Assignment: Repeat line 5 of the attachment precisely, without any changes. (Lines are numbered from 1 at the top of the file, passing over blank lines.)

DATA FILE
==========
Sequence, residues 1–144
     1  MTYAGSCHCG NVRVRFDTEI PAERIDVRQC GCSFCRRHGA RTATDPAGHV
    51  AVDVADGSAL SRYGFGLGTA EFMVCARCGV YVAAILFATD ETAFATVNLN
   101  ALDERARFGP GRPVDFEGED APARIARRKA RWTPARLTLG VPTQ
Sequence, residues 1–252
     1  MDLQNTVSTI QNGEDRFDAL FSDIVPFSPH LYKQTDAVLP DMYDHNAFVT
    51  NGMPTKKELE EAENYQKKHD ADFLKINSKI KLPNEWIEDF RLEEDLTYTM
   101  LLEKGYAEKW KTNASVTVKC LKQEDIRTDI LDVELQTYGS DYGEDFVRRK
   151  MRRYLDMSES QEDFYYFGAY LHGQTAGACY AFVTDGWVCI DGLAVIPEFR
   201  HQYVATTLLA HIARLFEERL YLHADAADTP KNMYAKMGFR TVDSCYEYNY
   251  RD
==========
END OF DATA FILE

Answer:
Sequence, residues 1–252